Muslim footballers who face the challenge of delivering a top sporting performance no longer have to fast during Ramadan. The German Central Council of Muslims has issued a fatwa which allows them to eat before sunset. But in the Dutch football world, a number of Muslim players are sticking to the fast.
By Annass Bendriff, RNW Arabic Department
Until recently, all top Islamic athletes were forbidden to break the fast in the interests of their sporting performance. But the pressure exerted on Muslim footballers by some European clubs has led a number of players to be less strict in their religious abstinence. Traditionally, only believers who are travelling, ill or pregnant have permission to break the Ramadan fast.
Abdul Bari Zamzami, head of the Moroccan Association for Research into Jurisprudence on New Issues, argues that footballers should be allowed to break the fast: "I challenge whoever objects to come and play football in such circumstances. Once they've done that, I'd like to hear how they think."
Change of heart
The immediate cause for the change of heart by the German Central Council was the case of three FC Frankfurt players who were issued with a written warning by their employer for fasting without permission. The Council's advice is based on an earlier fatwa issued by the respected al-Azhar mosque in Cairo and the European Council for Fatwa and Research, two authorities in the field of jurisprudence. They both ruled that Muslim footballers are not obliged to fast during Ramadan.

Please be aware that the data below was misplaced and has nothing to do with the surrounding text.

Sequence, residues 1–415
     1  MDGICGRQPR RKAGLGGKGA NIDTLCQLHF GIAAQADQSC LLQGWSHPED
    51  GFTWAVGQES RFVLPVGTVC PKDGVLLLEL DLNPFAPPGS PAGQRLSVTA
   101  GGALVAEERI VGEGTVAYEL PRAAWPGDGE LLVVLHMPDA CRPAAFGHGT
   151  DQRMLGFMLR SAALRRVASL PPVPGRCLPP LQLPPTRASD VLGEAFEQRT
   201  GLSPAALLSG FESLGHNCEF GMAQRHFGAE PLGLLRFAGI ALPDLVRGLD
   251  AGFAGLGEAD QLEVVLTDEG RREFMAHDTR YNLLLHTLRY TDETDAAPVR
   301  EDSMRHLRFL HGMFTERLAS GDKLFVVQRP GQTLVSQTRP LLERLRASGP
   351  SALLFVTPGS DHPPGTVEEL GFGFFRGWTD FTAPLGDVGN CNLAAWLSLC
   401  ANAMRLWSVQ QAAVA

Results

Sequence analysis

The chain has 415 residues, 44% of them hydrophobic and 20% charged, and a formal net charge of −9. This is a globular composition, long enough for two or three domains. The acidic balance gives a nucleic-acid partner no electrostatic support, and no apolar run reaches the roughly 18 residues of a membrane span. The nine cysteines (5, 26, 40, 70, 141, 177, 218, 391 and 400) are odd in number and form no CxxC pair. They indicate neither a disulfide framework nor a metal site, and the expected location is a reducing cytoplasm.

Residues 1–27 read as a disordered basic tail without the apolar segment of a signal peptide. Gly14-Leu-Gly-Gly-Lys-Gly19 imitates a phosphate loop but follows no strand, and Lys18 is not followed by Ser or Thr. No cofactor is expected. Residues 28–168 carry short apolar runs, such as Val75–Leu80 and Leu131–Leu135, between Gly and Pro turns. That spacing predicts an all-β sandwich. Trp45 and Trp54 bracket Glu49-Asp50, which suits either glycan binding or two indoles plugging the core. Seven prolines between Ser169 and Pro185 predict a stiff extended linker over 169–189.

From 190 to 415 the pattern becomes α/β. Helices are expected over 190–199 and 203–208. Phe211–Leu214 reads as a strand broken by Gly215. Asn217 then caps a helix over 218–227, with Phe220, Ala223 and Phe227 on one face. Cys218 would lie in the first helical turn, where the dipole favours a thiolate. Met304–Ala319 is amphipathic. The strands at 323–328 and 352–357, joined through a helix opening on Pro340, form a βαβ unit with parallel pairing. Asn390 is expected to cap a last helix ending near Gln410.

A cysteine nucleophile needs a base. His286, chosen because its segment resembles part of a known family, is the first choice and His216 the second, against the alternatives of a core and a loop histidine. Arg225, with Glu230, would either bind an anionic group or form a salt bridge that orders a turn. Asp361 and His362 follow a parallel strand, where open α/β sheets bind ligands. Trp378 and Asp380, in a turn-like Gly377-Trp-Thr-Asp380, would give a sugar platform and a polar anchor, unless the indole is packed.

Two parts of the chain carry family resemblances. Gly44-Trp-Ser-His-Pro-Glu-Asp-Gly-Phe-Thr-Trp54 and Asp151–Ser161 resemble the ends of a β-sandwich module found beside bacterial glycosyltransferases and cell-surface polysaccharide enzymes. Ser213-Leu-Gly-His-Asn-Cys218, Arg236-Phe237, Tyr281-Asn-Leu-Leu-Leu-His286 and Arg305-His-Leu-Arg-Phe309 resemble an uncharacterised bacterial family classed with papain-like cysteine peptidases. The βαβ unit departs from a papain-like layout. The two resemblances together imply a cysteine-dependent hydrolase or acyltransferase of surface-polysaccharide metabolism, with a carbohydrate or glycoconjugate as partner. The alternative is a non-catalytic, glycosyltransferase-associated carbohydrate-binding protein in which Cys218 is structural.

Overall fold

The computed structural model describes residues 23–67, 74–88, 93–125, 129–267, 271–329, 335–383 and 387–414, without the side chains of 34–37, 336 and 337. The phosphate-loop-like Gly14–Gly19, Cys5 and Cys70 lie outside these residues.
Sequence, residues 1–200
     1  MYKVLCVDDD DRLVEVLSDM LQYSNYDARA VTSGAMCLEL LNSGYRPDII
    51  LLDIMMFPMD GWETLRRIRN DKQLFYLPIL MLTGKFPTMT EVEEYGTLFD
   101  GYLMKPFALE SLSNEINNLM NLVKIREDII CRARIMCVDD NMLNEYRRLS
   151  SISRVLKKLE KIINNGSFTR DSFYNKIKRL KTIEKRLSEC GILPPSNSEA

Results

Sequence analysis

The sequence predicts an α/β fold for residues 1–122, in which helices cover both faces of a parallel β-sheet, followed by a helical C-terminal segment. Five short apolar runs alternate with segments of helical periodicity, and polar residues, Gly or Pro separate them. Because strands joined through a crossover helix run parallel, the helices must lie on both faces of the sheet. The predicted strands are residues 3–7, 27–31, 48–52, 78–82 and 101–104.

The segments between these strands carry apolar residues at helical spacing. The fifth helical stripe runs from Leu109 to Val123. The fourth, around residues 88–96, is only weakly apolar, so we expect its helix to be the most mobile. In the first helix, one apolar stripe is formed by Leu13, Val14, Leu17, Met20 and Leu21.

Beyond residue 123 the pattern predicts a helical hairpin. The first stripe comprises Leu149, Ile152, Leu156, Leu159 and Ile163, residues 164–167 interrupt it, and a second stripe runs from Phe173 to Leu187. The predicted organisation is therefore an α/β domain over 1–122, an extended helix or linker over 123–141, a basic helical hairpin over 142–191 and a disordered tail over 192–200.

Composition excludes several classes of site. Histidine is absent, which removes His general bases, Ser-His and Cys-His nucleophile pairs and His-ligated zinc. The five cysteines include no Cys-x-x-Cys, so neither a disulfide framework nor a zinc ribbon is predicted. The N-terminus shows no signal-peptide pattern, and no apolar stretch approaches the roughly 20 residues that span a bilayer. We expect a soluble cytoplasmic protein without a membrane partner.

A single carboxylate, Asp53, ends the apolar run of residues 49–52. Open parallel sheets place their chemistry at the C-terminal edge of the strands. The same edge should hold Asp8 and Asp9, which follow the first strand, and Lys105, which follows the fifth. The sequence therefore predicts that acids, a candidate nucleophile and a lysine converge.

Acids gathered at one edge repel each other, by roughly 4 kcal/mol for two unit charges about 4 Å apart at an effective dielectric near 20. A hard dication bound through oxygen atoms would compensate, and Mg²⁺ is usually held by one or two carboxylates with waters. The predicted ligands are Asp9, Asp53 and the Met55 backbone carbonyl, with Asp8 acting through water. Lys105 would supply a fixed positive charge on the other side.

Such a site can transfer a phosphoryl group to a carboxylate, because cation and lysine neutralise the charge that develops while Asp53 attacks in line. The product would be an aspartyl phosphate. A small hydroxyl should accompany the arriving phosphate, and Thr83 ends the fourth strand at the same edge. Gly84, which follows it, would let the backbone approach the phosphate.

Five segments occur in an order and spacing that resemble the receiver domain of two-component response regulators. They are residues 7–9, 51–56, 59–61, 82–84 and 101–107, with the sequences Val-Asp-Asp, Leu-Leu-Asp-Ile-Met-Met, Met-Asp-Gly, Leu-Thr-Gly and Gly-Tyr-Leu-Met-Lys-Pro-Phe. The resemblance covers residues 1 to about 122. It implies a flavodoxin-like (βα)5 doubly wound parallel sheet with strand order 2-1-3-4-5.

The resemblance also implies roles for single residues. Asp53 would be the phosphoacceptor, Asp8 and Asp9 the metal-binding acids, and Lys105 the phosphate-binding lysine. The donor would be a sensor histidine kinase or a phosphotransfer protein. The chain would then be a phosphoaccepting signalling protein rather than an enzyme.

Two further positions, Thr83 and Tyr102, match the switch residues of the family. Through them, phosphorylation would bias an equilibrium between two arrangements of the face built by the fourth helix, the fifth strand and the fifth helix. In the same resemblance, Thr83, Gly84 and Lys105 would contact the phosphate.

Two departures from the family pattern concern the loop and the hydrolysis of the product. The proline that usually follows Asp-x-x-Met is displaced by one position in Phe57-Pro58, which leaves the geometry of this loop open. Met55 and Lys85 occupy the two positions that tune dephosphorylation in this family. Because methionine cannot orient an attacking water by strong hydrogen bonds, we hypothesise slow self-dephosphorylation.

According to the al-Azhar mosque, by signing a contract of employment with his football club, a player is required to perform at a certain level. In cases where that work is the only source of income and where playing during Ramadan cannot be avoided, the footballer has the right not to fast." As Abdul Bari Zamzami puts it "If fasting influences the player's performance, he is perfectly justified in breaking the fast." However, the final choice remains with the player.
Unlike other European sports organisations, the Dutch football world tends to respond positively to the wishes of Muslim players who want to fast. Over 40 Islamic players take part in the Dutch competition, most of them with a Moroccan background. The clubs do not prevent the players from observing the restrictions of Ramadan. Some even try to adapt their training schedule accordingly. They also provide information on the topic. In 2007, PSV Eindhoven held a seminar on "Ramadan and top-level sport" with contributions by Muslim clerics, physicians and specialists.
PSV has the largest number of practicing Muslim players in the Dutch premier league. Ibrahim Afellay, Otman Bakal, Zakaria Labiad and Nordin Amrabat have all fasted during Ramadan for some time. The club has come up with a special diet for them, rich in fluids and juices. Players from Amsterdam club Ajax, such as Mounir El Hamdaoui and Ismail Aissati, also follow this regime. Football pundits reckon their game does not suffer during the fasting period. For proof, look no further than the deciding goals scored by Afellay, Amrabat and El Hamdaoui in their recent league matches.